Did you feel the drop in food prices? No, we didn’t either.
Food prices declined sharply in June compared to June, especially of sugar, milk and dairy products, thanks to an increase in the supply and improved production prospects, announced the UN’s Food and Agriculture Organization (FAO). The price index of a basket of basic foodstuffs dropped by 3.7 percent in July compared to the previous month, with the highest decline recorded in prices of milk and dairy products, particularly butter and cheese, which fell by 6.6 percent compared to June. Grain prices also fell noticeably by 3.6 percent compared to June, reports Novi List on August 13, 2018.
However, Croatia did not see any decline in food prices mentioned by the FAO. This includes the price of butter, whose price jumped abruptly to around 25 kuna last autumn, while about a year ago it cost about 17 kuna. The record price of butter was explained at the time as a result of the lack of milk on the market. Interestingly, now that the milk production has risen, there has not been any significant decline in the price of butter, which costs about the same as six months ago.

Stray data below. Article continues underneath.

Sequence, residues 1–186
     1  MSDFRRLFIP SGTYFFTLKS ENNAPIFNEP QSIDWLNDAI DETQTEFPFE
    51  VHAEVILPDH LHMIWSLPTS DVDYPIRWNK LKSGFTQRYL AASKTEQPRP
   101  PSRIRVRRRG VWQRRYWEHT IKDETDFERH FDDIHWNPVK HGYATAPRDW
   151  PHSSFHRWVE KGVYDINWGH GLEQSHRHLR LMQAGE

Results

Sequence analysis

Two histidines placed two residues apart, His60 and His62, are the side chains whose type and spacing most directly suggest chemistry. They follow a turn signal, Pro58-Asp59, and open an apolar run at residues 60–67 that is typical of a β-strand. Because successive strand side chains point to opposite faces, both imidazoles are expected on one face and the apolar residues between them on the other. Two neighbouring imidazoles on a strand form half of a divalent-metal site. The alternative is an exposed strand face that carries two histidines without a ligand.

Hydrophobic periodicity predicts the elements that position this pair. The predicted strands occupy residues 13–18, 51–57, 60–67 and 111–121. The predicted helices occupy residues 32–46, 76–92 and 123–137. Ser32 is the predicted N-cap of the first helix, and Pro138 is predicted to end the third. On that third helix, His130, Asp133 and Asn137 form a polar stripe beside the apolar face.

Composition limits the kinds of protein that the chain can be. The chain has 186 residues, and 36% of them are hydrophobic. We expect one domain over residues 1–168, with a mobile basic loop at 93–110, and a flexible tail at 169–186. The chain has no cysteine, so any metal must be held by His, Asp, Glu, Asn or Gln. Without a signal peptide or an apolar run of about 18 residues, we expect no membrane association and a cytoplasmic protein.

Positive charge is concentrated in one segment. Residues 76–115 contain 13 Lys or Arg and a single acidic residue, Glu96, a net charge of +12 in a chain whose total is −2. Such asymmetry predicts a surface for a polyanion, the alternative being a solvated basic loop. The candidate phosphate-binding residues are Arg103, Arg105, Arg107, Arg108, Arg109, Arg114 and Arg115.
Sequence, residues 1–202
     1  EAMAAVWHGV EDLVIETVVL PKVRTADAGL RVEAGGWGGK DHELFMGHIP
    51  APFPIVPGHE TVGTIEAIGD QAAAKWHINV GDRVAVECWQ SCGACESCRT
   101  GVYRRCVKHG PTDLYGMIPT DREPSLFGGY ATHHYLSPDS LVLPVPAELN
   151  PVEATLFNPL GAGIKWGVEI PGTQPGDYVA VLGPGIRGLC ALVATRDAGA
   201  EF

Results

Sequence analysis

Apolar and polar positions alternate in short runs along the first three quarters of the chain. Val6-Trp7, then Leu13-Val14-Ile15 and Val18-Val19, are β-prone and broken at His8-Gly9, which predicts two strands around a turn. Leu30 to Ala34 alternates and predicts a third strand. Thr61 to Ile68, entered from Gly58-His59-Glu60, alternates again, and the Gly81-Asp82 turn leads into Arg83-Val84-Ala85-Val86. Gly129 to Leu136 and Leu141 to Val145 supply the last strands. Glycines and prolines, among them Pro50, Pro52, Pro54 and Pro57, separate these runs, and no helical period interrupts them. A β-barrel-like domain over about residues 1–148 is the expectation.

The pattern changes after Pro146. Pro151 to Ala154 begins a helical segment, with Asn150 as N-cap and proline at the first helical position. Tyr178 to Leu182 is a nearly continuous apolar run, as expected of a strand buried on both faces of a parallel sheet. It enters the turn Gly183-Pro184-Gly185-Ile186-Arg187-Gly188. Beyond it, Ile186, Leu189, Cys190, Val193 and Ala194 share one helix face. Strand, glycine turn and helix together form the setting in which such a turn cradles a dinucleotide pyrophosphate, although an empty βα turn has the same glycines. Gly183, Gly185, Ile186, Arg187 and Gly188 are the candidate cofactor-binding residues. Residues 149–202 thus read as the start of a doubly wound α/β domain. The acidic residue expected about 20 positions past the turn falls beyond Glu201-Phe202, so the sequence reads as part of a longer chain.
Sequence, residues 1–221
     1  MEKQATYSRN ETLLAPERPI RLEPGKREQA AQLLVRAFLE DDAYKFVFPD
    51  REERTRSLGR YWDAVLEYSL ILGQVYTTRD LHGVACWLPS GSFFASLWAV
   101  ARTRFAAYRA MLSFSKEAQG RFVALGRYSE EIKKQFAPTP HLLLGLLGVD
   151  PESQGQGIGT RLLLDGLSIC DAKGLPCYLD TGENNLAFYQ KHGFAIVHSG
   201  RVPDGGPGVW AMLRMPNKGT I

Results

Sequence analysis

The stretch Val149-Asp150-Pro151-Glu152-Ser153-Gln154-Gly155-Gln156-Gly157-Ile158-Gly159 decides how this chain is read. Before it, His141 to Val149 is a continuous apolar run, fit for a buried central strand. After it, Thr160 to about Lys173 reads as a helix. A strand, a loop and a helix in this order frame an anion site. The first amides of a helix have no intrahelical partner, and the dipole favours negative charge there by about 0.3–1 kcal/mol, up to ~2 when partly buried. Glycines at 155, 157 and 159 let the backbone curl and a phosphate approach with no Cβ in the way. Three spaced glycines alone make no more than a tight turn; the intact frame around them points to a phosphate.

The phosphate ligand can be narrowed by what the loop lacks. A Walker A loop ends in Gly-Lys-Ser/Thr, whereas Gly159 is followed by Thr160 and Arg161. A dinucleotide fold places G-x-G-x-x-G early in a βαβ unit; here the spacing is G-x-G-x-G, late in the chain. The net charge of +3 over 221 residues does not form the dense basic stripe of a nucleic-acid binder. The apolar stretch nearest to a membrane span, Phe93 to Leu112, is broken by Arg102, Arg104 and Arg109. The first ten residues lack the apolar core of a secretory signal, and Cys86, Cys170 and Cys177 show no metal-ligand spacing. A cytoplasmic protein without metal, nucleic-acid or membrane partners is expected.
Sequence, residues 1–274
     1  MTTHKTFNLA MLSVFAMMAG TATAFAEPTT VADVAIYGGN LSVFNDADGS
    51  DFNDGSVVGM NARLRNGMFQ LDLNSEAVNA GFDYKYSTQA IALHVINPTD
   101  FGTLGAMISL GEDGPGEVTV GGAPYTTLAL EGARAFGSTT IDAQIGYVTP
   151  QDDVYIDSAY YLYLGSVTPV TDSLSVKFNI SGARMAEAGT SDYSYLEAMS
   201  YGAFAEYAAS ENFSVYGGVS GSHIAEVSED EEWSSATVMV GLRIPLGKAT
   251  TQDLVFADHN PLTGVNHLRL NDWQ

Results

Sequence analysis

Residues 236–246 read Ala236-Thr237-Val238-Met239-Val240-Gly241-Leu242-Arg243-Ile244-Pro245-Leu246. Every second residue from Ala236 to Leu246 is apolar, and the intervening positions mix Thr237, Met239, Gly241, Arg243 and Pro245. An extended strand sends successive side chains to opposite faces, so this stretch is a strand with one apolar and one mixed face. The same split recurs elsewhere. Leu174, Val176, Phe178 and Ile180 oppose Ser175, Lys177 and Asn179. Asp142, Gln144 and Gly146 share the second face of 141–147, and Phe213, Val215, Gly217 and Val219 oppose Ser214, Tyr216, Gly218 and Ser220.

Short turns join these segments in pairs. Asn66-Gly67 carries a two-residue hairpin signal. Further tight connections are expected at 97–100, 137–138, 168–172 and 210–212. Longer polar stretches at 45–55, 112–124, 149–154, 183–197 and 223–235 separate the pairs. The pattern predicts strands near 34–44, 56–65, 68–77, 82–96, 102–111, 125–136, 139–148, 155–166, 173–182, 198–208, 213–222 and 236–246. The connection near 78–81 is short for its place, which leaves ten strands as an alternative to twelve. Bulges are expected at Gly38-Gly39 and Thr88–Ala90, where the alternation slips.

The current average producer price of butter on the EU market is 555 euro per 100 kilograms, which is five percent less than in the same period last year, according to the Croatian Chamber of Commerce (HGK). Given that the production price of butter is still high, the HGK says it is unlikely that retail prices will be drastically cut in favour of consumers.
Dalibor Janda from CroMilk – the Association of Croatian Milk Processors – offers a similar explanation. He says that the price of butter on the market has fallen, but adds that it is difficult to detect it in stores because butter and related products are often offered on sale. He admits that there has been no noticeable drop in consumer prices.
If the current producer price of butter on the EU market is 555 euro per 100 kilograms, this means that the producer price of a 250-gram “cube” of butter is about 10.5 kuna, while its selling price in Croatian retail shops amounts to between 20 and 25 kuna, which is more than double the producer price.
Translated from Novi List (reported by Bojana Mrvoš Pavić).